When I first moved to New York, one of the dishes that was lacking was migas. That Texan breakfast staple of eggs scrambled with fried tortillas, along with a host of other good things such as cheese and chiles, was nowhere to be found.
Then one day a friend called and said, “I’ve found migas! This Mexican restaurant is calling them chilaquiles, but if you close your eyes you won’t tell the difference.”
Desperate for a migas fix, the next morning I hopped on the train and met him for breakfast at his local Mexican joint. We ordered the chilaquiles and were presented with scrambled eggs tossed with fried tortillas coated in a bright salsa verde. My friend was correct—they were very similar to our beloved migas and we ate them with gusto and joy.
What is the difference between chilaquiles (pronounced chee-la-kee-lays) and midges? To those who’ve never had them, chilaquiles are fried tortilla strips or wedges that have been simmered in salsa. As the fried tortillas cook, they absorb the salsa and impart it with its toasted corn flavor until the two become meshed into one. You know when you get to the bottom of the cereal bowl and the cereal has absorbed some of the milk and the milk tastes like cereal? Yep, chilaquiles are kind of wonderful like that—though hopefully not as soggy.
Now, sometimes other things can join the party, such as sliced chicken, shredded beef or even scrambled eggs, the latter of which causes people to think that migas and chilaquiles are the same.
But they’re not.
Here’s the deal. In Texas, Migas are always fried tortilla pieces with scrambled eggs. (The term migas in Spanish means “little crumbs,” which is why in Spain there is a dish called migas that is made with bread crumbs. But we’re talking Tex-Mex here!) It’s the tortillas and eggs that define migas and without the two you just don’t have that dish.
On the other hand, chilaquiles are nothing without fried tortilla pieces and salsa—it’s the tortillas simmering and soaking in the salsa that defines this dish. The word itself derives from a Nahuatl term that means “in a sauce of chile peppers.”
One of the salsas I like to use is an ancho-tomatillo salsa, which I love for its earthy and tangy tones. Of course, you can use any salsa for chilaquiles—red or green. And if you’re feeling especially festive this time of year, you can make two batches of chilaquiles—one with a red salsa and one with a salsa verde and put them on the same plate.
Chilaquiles are intended to get rid of your day-old tortillas, so you’ll want to use stale tortillas, as they’ll absorb more of the salsa. Though if you don’t want to mess with frying tortillas, in a pinch I’ve known people to throw in some stale tortilla chips instead. I also find chilaquiles are a perfect vehicle for leftover chicken, which I often add to make a heartier dish.
People tell me they are starting to see migas on New York breakfast menus, which is a good thing. Though this would never stop me from eating chilaquiles, as the two are completely different and equally wonderful. And if you’re a fan of migas and have never tried chilaquiles, I know you’ll love them, too.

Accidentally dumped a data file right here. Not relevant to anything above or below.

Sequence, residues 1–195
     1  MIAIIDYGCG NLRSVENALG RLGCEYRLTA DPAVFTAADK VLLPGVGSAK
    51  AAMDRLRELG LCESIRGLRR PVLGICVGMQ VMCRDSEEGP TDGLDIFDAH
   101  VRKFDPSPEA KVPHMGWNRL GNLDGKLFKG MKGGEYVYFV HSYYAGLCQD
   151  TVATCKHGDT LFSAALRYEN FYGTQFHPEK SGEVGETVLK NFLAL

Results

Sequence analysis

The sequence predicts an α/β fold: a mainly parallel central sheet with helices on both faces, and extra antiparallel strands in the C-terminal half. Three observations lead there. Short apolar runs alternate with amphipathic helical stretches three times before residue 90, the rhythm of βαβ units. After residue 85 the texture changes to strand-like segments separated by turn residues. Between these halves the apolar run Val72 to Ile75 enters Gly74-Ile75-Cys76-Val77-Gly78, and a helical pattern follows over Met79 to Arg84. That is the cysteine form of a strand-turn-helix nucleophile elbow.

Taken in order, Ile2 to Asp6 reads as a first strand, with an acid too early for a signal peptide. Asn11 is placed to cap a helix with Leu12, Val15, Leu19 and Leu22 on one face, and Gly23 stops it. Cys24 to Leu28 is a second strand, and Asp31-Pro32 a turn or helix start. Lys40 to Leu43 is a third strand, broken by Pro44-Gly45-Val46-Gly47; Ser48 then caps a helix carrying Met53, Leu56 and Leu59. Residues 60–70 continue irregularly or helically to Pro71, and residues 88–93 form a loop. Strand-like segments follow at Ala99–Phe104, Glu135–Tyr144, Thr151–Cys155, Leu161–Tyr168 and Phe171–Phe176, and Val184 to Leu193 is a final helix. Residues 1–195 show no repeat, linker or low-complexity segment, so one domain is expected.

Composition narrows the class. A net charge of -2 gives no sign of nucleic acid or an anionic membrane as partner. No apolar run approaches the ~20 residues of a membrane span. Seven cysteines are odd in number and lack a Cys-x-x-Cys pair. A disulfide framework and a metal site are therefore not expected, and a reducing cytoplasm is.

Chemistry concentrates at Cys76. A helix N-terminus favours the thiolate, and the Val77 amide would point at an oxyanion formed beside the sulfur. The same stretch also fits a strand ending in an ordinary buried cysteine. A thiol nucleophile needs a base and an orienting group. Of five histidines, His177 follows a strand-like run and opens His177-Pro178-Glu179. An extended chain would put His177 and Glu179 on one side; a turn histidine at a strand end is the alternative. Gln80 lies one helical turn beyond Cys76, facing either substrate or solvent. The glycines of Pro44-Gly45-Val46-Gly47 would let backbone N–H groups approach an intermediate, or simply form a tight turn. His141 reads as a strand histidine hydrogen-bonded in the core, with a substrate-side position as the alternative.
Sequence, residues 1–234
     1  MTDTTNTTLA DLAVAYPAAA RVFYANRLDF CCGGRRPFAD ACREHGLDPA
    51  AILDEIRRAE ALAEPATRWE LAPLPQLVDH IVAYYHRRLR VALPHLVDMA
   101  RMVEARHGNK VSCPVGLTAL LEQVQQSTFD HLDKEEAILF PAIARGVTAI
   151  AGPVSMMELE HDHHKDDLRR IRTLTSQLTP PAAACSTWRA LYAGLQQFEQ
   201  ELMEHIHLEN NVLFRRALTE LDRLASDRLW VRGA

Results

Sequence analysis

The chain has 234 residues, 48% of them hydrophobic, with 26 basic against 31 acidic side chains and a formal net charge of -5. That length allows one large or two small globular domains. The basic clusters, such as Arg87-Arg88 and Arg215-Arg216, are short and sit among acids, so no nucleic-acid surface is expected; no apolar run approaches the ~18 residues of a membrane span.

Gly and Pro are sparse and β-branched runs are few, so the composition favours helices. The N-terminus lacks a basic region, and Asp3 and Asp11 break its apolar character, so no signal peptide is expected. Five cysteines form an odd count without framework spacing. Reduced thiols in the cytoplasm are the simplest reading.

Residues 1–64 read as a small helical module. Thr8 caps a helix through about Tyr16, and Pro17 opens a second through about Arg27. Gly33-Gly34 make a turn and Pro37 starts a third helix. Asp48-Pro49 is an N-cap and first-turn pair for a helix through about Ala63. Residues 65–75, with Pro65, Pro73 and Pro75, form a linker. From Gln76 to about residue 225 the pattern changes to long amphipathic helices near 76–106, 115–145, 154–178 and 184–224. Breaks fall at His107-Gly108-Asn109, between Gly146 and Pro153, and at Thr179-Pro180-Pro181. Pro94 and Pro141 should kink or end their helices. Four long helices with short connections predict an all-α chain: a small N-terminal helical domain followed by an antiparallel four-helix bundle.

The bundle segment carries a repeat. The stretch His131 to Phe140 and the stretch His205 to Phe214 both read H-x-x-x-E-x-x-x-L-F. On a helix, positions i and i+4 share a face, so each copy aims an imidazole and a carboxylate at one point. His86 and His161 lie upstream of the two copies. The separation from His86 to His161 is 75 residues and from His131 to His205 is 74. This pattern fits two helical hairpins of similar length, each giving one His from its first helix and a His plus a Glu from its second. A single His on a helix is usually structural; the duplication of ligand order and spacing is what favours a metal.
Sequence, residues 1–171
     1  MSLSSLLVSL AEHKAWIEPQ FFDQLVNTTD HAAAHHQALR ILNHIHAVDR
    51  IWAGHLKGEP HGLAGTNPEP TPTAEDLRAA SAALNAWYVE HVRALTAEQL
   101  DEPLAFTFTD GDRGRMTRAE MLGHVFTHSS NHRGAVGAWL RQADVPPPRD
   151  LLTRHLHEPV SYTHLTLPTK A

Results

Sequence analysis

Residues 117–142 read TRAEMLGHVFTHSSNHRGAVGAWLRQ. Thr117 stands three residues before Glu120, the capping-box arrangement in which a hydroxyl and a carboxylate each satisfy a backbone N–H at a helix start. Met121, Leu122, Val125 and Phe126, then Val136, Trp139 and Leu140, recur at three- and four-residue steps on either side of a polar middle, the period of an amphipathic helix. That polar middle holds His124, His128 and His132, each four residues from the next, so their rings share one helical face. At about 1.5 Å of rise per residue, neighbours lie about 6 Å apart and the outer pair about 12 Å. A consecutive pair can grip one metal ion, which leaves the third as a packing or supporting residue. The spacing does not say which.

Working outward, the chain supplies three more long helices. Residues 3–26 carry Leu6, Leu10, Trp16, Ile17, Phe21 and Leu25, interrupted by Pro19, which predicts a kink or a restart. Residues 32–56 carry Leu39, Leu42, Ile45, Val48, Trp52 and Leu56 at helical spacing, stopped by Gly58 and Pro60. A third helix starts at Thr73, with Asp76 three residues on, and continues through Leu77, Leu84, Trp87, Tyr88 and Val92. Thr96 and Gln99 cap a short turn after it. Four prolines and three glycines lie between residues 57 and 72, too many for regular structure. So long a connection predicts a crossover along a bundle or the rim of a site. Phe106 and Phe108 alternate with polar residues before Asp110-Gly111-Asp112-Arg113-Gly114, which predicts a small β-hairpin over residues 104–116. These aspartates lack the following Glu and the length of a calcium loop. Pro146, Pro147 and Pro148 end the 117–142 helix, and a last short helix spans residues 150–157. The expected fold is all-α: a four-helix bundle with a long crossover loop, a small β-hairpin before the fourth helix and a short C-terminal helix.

Chilaquiles with ancho-tomatillo salsa
Ingredients for the ancho-tomatillo salsa:
- 1 ancho chile, stem and seeds removed
- 1/2 pound tomatillos, husks removed or one 11-ounce can, drained
- 2 cloves garlic
- 1 cup water
- Salt to taste
Ingredients for the chilaquiles:
- 2 cups ancho-tomatillo salsa or the salsa of your choice
- Vegetable oil or lard for frying
- 8 stale corn tortillas, cut into quarters or 32 tortilla chips
- 2 cups diced cooked chicken (optional)
- Salt to taste
Ingredients For serving:
- Cotija cheese
- Sour cream
- Lime wedges
To make the ancho-tomatillo salsa, in a dry skillet heated on high, toast the ancho chile on each side for about 10 seconds or until it starts to puff. Fill the skillet with enough water to cover the chile. Leave the heat on until water begins to boil and then turn off the heat and let the chile soak until soft, about 30 minutes. Once hydrated, discard the soaking water and rinse the chile.
Meanwhile, place the tomatillos under the broiler and turning once, cook for 10-12 minutes or until blackened. (If using canned tomatillos, skip this step.)
Place the ancho chile, blackened tomatillos, garlic and 1 cup of water in a blender and blend until smooth, about a minute. Add salt to taste. You should have about 2 cups of salsa. If you have less, add a bit more water.
To make the chilaquiles, in a large skillet heat about 3/4 inch of oil on medium high until it’s 325 degrees. Line a baking sheet with paper towels. In batches, place the quartered tortillas into the hot oil and fry about one minute per side or until light brown and crisp. Remove fried tortillas with a slotted spatula and place on the paper-towel-lined sheet. Repeat until all the quartered tortillas have been fried.
Remove the skillet from the heat and pour out all but one tablespoon of oil, discarding the rest. Place the skillet back on the burner and heat to medium-low. Pour in the salsa, and cook the salsa for 2 minutes or until warm. Add the chicken (if using) and the chips and gently stir to coat the chips in the salsa. Cover the skillet, turn down the heat to low, and cook for 2 more minutes.
Serve with cilantro, Cotija cheese, sour cream and lime wedge.
To make chilaquiles rojos and verdes, use one cup of the ancho-tomatillo salsa (or any other red salsa of choice) and one cup of salsa verde. Divide the fried tortillas and chicken in half, and cook them separately in each salsa. To serve, place on each plate some of the chilaquiles rojos and the chilaquiles verdes.
Likewise, I add chicken to mine for a heartier meal, but you can serve them without the chicken, or with beef, beans, sautéed vegetables or scrambled eggs instead.